- 15 Feb 19
Ain't nothing like the Beale thing! Kiki Layne discusses her stunning performance in Barry Jenkins' If Beale Street Could Talk, the powerful drama many are hailing as the film of the year.
Learn Kiki Layne’s name – you’re going to be hearing it a lot this year. The 26-year-old actress has landed the breakthough role of a lifetime – playing Tish, the lead in Barry Jenkins’ superb adaptation of James Baldwin’s novel If Beale Street Could Talk. The powerful drama sees quiet-but-resilient Tish fall for her best friend, Fonny (Stephan James). The two lovers are blissfully happy, and Tish becomes pregnant – but when a racist cop ensures that Fonny is falsely accused of rape and imprisoned, the young couple’s dreams are shattered.
Ironic then that for Layne, Beale Street represented a dream come true. The actress heard about the project when her friend was recording his audition tape for Fonny, and asked Layne to read lines with him on.
“I immediately felt a connection to the part and the film,” Layne says. “I read Tish’s lines and the first words out of my mouth were, ‘But that’s me!’”
Living alone in Los Angeles without representation, Layne didn’t think she had a hope of getting the part – but then she got a phone call from the Oscar-winning director of Moonlight, Barry Jenkins.
Layne, though, neglected to pick up at first. “Of course Barry Jenkins is calling me from a number I don’t recognise, so I didn’t pick up!” she laughs. “Who picks up unknown numbers? But it immediately called back again, so I thought I’d better answer. But then he doesn’t introduce himself – just starts making fun of me for sounding asleep. So I’m half asleep thinking, ‘Who is this, what is happening here?’ Then I start thinking I recognise his voice – but not quick enough, because he literally asks me, ‘Girl, do you even know who you’re talking to?’
“I said, ‘I think I’m talking to Barry Jenkins, and I’m trying to be chill right now.’ Then he told me I got the part, and I was not chill! I knew what this role was – it was going to be life-changing.” Layne’s performance is simply luminous. With her soulfulness, grace, tenderness and quiet strength, she elevates every scene she’s in, and shines even among a cast of incredible actors. Regina King has rightly received an Oscar nomination for her role as Tish’s mother, while Teyonah Parris, Coleman Domingo, Aunjanue Ellis and Brian Tyree Henry are also impeccable as Tish and Fonny’s friends and family. For Layne, the community spirit created by Barry Jenkins and the cast can be summarised by Baldwin’s famous line: “Love brought you here.”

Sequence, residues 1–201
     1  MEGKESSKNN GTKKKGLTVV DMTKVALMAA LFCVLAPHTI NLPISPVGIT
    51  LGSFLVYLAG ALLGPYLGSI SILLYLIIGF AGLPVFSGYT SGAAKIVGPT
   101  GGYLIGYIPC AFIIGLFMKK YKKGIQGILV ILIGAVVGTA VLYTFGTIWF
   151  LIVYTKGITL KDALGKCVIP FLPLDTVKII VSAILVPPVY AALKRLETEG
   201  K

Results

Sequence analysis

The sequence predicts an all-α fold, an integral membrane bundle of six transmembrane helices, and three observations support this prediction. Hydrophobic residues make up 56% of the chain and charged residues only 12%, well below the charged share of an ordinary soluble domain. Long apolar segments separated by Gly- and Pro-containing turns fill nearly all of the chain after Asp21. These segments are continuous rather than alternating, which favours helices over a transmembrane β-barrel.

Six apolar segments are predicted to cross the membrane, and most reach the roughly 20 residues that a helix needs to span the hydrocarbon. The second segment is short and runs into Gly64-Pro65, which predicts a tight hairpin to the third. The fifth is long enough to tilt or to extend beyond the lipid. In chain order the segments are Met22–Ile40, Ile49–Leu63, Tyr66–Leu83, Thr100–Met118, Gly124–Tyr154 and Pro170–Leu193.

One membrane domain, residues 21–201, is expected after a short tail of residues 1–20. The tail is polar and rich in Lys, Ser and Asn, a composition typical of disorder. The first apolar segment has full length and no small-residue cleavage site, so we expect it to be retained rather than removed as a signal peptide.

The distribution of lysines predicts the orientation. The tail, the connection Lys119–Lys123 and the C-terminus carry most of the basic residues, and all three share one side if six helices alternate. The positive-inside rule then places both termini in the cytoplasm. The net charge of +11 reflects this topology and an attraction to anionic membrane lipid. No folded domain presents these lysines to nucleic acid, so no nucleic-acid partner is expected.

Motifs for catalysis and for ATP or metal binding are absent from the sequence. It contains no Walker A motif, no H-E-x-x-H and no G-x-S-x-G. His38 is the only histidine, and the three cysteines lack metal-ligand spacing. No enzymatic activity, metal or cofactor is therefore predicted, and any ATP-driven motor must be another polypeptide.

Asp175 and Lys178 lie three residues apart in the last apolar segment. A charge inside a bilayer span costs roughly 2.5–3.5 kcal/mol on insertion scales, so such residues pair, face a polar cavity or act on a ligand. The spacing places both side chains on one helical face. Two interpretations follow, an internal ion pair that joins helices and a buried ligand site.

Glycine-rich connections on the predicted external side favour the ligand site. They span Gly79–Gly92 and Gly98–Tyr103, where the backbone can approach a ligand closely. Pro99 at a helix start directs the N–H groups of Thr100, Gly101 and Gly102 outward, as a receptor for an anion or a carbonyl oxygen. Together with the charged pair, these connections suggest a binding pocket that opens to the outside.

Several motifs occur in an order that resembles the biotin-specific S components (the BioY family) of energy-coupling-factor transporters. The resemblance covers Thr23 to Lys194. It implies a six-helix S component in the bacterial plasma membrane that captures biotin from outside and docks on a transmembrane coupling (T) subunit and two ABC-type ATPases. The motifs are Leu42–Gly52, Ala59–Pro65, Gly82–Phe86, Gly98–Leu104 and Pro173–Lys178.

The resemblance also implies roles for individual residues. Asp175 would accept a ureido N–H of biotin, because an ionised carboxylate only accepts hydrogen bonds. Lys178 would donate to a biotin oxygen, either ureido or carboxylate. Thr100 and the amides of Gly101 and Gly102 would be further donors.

“I feel like Tish and I are very different,” says Layne. “But I learned from Tish. My idea of strength was being someone who can do as much as possible on their own, to be independent. But Tish’s strength comes from the love and connection she forges with her family and the love of her life, Fonny. I learned that from this role – the strength of being vulnerable, being open to love and being loved. And I experienced that on-set; we created a family, and just like the family onscreen supports Tish through her life-changing experiences, everyone on-set supported me through mine.”
If Beale Street Could Talk tackles racism and the justice system, but it’s also a deeply personal tale of love and family, and the toll that injustice takes on not just the direct victims of injustice, but everyone in their lives.
“One of the beautiful things about Beale Street is that we have all of these beautiful, powerful moments where characters are looking to camera,” says Layne. “And what makes that connection with the audience so important is that, although we’re playing fictional characters, we represent real people who are going through these things, today. And in those moments you have to look these people in the eye and acknowledge all of the pain and trauma and injustice that they’re going through.
“You have to acknowledge their whole humanity, and you see the ripple effects. You see how these situations don’t just destroy individuals – they destroy families, they destroy love. You have to see all of that. They’re not just one more faceless victim of police brutality or mass incarceration, they’re not just another hashtag: these are people with communities and loved ones, who are all devastated by these injustices. So I think it’s very important to see this movie today, and to be able to acknowledge the full humanity of people who are so often reduced to just mere statistics.”
Speaking of hashtags, it’s now three years since #OscarsSoWhite became a dominant talking point in Hollywood, though things quietened after Barry Jenkins won Best Picture for Moonlight. Does Layne think the issues of race and representation in the film industry are being adequately addressed?
“There’s still so much more work to do,” she replies, “because there’s still quite a difference in the opportunities that are available for white actors and artists and actors, and artists of colour. But I definitely feel blessed to be coming up in the industry at this time; there has been a shift. There was no way that, even a few years ago, you were going to have a Blackkklansman and a Black Panther and a Beale Street all nominated for Oscars, and shows like Atlanta, Insecure and Blackish on TV.
“So change is happening. People of colour are taking more control behind the scenes; we are producing more and writing more, and we’re not asking for permission as much. We’re finding the ways to get our stories out there, because we know our stories have value. So I’m thankful – and I know there’s still more work to do. I want to be an actress and explore different universes and characters. But I also want to produce and direct, because on that side of the table, you have real power over what stories get made and whose work gets elevated. I want to be a part of that.”